This is the season of craft fairs - nearly every weekend there are churches and community groups offering the chance to shop for unique hand made items for holiday gifts. I went to a local fair recently and saw lots of wonderful items. I left with my wallet a lot lighter and my mind spinning with inspiration.
One of my favorite things about shopping at craft fairs is meeting the artists and learning about their creative process. I have met some lovely and wildly imaginative people and it is always fun to talk to people who love what they do!
In the very first room I was charmed by the delightful work of Barbara and Arnold Goodrich of Carriage House Crafts. Barbara was a fashion illustrator for many years and now creates whimsical art with a witty twist. I bought a stack of notecards - here are photos of a few to give you an idea of their style.
Some of the themes of the illustrations are cats and dogs, nursery rhymes and fairy tales, holidays and witty phrases. The Carriage House Crafts website is HERE and there are dozens of designs to choose from. The notecards are very reasonably priced and the wooden plaques would make great gifts.
Downstairs at the fair I met Rick and Roxanne O'Neal of Quillusions. They do several types of paper art - quilling, paper jewelery and scherenscnitte. They specialize in framing and decorating photos and invitations for gifts. Roxanne does her paper cutting without a machine - she is very handy with the exacto knife!
|photo from Quillusions website|
Here is an example of one of the beautiful paper creations they sell. They will do mail orders and you can contact them through their website HERE.
Across from the O'Neal's booth was Al Wheeler who makes wonderful wooden items with his scroll saw. The baskets look like they are woven but the are actually built up in layers with rings of wood cut in wavy shapes. Al doesn't have a website but will do special orders, email him at blue631 (at) verizon.net (written this way to prevent spam - put in the @ sign to email).
Here are some of the ornaments Al makes with his scroll saw. I think he said he can cut five layers at a time. If you have never seen scroll saw cuts, do a search for scroll saw patterns and you will find many large collections of files - some for sale and some free. You can use these files to create cutting files for a Cameo or other computer controlled cutting machine. I'll share a few examples soon.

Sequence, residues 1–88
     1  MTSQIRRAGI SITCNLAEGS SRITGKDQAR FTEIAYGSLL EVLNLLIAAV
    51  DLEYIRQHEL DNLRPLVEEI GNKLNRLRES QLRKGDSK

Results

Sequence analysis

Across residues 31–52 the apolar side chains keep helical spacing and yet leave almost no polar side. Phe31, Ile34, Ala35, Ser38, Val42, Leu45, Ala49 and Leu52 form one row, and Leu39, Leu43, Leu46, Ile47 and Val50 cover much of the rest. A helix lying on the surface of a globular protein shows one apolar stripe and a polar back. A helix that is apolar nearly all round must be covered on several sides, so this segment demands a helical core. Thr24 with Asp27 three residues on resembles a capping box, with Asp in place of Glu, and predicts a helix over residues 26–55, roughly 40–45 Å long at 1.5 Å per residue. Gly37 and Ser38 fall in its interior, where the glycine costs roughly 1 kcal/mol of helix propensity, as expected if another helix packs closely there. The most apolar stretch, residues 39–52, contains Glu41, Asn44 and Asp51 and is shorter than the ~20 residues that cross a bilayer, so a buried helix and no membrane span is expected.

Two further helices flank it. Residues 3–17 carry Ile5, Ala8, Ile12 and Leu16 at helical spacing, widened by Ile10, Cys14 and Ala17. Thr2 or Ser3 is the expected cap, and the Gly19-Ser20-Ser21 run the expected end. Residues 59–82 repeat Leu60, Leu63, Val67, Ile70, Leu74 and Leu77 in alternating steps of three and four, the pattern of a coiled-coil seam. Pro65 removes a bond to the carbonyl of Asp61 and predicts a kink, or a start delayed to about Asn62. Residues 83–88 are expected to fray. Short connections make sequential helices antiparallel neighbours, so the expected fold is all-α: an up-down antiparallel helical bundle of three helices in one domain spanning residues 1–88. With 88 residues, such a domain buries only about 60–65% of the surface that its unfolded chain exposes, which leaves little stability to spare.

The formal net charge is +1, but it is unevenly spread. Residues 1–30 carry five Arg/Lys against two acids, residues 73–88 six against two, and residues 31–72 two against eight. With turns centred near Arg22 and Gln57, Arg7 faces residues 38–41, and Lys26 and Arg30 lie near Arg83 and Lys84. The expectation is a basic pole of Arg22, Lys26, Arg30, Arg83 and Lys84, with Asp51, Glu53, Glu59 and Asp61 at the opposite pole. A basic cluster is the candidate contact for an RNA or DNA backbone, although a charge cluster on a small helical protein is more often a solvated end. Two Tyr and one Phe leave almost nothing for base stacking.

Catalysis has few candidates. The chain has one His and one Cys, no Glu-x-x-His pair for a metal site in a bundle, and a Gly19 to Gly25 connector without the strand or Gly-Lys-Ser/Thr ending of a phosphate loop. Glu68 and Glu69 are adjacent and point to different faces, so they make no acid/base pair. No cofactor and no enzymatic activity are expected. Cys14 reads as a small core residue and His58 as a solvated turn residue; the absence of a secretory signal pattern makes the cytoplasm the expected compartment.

This fair was in a church and the booths were spread out through many rooms. In the last room I visited, I found Rebecca Schreiber and her amazing Paper Confections. Rebecca creates wonderful original artwork by making iris folded paper designs. She uses beautiful handmade papers and makes her designs reflect the shape of the natural objects rather then using the iris as a focal point.
You can read a brief description of her technique above (click on the image to enlarge it). The original designs are scanned and used to create super high quality printed images on cards.
The notecards are printed on lovely textured 100% cotton paper and the images seem to leap off the surface of the card.
This close up of the gecko shows the clarity of the image - it looks like you could tuck your finger under one of the iris-folded sections.
In addition to the relatively flat iris folded designs, Rebecca makes some that are puffy like the red one in the shadow box frame on the left. You can see more examples of her work on the Paper Confections website HERE. In addition to stationery and invitations, they also offer designs printed on marble as coasters and trivets and a variety of linens and baby items printed on organic cotton.
I had a wonderful time at the show and I hope you enjoyed seeing a few of the things I found particularly interesting. I like to support small businesses and local craftspeople by shopping the fairs. There is a pretty good chance that no one else will buy the same thing to give as a gift and while gift cards are nice
I like to give actual objects as well (sometimes with a card tucked inside).
Do you shop at craft fairs? Do you make things and sell them at fairs? What is the most unusual hand made item you've ever seen at a fair? Even though I like to do lots of crafts, I still buy many items at these shows. A few years ago I saw a great sign in a booth - it said "Sure you could make it yourself - but will you?!"
I hope you have some nice plans for the weekend. I just looked at the calendar and realized that Thanksgiving is less than two weeks away - Yikes!
Subscribe to Capadia Designs if you would like to have new posts delivered directly to your email.